The Causes of Headaches?

American (Fever) Dream: Fear and Loathing in Las Vegas

American (Fever) Dream: Fear and Loathing in Las Vegas


Thank you to Squarespace for sponsoring this
video. Like many great films, Fear and Loathing in
Las Vegas wasn’t exactly appreciated or understood in its time, it was a critical and commercial
failure upon release, with many calling it pointless, repetitive, and in the words of
one critic “One long offensive treatise on just how vile two human beings can be.” What’s strange to me is that Hunter S. Thompson’s
original novel received widespread acclaim. Many writers and journalists consider it to
be a seminal piece of American literature, with Cormac McCarthy calling it a classic
of our time. So, was something just lost in translation? By all accounts its a largely faithful adaptation,
with many of the scenes lifted directly from the novel as well as other works by Hunter
S. Thompson, and with some of its most iconic passages being used almost verbatim in the
film, it seems odd that what people seemed to love so much about the original work was
exactly what people seemed to deride in the film. And maybe it’s because novels are inherently
infused with our own imagination, something that a film can’t accomplish in the same way,
or maybe it’s just a story that works better as text. The film to me is a masterpiece, that has
a visual bravura that few films can match, with some of the greatest character performances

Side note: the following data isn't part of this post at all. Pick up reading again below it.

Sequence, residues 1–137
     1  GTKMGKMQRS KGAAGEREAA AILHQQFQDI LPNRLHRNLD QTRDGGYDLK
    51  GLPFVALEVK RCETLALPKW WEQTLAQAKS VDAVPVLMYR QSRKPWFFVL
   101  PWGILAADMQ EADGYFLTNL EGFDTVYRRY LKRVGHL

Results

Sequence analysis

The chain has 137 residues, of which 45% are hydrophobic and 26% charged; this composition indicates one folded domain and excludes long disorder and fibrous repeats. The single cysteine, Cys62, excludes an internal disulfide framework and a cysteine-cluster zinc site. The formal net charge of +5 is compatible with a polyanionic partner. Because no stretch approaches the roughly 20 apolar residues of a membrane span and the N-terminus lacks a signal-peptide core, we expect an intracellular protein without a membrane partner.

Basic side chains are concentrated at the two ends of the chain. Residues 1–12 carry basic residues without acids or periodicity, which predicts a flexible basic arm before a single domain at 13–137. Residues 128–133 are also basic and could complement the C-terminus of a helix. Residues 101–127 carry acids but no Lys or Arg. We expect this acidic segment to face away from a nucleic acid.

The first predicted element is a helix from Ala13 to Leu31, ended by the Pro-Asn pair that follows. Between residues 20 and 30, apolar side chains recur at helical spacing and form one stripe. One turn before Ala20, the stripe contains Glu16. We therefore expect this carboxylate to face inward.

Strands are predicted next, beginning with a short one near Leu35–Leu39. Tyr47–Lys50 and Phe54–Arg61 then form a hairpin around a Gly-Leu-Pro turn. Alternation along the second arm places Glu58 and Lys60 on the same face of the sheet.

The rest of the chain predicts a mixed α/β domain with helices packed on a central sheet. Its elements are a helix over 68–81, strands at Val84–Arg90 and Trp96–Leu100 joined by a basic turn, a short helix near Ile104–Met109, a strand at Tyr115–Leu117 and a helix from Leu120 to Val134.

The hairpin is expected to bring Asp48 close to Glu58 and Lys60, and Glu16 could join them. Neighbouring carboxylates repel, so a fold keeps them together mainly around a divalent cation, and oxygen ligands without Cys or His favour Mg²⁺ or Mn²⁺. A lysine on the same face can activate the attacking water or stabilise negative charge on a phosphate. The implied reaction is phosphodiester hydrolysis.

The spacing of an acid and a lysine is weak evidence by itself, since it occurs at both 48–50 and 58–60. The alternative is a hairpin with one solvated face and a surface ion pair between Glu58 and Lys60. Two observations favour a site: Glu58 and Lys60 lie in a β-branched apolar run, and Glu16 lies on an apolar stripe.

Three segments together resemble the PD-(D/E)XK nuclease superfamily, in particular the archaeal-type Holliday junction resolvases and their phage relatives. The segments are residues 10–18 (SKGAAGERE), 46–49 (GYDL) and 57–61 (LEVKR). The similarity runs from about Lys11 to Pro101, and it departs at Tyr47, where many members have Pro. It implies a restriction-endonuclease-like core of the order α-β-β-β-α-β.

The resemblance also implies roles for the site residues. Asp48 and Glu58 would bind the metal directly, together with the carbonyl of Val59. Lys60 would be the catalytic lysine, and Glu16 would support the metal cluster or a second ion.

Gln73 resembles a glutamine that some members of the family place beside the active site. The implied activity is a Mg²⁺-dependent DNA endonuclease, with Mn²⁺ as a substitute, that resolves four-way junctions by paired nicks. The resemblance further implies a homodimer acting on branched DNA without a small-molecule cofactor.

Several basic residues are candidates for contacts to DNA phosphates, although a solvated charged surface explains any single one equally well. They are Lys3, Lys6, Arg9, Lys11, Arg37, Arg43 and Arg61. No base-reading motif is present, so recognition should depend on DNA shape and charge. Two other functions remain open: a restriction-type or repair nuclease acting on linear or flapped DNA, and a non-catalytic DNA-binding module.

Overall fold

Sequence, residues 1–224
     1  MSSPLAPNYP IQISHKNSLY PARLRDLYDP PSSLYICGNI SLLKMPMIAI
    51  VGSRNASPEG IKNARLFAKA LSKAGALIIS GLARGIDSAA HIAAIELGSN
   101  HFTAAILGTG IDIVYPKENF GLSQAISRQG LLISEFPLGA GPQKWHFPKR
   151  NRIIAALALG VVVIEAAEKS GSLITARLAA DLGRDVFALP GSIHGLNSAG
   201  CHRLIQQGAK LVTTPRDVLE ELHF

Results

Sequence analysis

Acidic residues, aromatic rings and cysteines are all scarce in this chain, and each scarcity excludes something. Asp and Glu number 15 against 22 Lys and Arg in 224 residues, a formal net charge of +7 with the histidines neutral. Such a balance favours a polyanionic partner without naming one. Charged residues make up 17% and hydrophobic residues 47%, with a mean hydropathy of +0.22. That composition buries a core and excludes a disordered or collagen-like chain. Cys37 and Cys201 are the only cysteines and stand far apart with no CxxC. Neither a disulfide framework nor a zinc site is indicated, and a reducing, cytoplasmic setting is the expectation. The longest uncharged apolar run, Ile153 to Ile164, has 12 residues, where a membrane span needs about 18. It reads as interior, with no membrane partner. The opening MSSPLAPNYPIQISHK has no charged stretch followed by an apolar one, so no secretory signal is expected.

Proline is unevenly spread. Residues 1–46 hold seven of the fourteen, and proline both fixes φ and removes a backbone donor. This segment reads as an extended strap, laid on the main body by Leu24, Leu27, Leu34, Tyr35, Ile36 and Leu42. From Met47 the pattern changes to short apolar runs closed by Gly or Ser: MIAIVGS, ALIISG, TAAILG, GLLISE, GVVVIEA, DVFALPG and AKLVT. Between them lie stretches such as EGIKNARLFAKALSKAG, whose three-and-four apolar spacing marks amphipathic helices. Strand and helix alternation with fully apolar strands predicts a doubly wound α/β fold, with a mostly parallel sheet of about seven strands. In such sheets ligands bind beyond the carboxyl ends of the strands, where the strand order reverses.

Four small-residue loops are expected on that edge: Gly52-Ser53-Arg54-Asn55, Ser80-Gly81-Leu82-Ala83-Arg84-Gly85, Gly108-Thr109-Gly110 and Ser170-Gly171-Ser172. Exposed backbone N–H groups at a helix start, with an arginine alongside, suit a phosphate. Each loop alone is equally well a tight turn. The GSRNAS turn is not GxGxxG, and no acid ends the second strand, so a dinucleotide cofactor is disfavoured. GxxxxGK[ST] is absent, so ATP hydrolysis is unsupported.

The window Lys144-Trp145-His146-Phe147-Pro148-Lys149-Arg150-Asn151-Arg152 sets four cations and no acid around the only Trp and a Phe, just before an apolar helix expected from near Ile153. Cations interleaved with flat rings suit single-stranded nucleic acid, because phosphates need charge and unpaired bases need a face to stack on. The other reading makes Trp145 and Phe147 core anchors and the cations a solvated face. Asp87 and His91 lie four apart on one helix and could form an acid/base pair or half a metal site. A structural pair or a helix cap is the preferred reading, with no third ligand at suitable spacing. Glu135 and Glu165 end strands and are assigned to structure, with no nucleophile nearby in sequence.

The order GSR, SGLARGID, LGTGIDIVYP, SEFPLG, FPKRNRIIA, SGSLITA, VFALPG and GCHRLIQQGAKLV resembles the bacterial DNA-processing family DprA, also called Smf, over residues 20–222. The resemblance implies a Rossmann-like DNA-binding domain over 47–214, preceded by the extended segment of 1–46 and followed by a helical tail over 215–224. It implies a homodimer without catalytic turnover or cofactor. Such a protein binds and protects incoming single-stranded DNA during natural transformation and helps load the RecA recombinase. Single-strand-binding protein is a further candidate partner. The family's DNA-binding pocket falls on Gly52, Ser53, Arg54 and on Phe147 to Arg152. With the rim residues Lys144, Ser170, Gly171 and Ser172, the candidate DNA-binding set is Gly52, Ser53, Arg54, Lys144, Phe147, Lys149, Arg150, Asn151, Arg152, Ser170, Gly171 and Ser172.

from two actors at the top of their game. It’s often hilarious, and at times incredibly
uncomfortable, and always unlike any other film that I’ve ever seen. The film is a ride, that offers an unflinching
portrait of psychedelic drug use and the death of the American Dream. It’s not always meant to be just fun and games,
as Terry Gilliam states: “We start out at full speed and it’s WOOOO! The drug kicks in and you’re on speed! Whoah! You get the buzz – it’s crazy, it’s outrageous,
the carpet’s moving and everybody’s laughing and having a great time. But then, ever so slowly, the walls start
closing in and it’s like you’re never going to get out of this fucking place. It’s an ugly nightmare and there’s no escape.” – Terry Gilliam
The film makes use of many different techniques to simulate disorienting experience of the
different drugs used in the film. Whether that’s the almost ever-present Dutch
angle, shifting lighting that doesn’t exactly make practical sense, or manipulating the
sound to create unease. For instance, as Duke and Gonzo load up on
ether, listen to the constant shifting pitch of the background music. Each drug had its own accompanying cinematic
language to convey its effects, as highlighted in the American Cinematographer, they are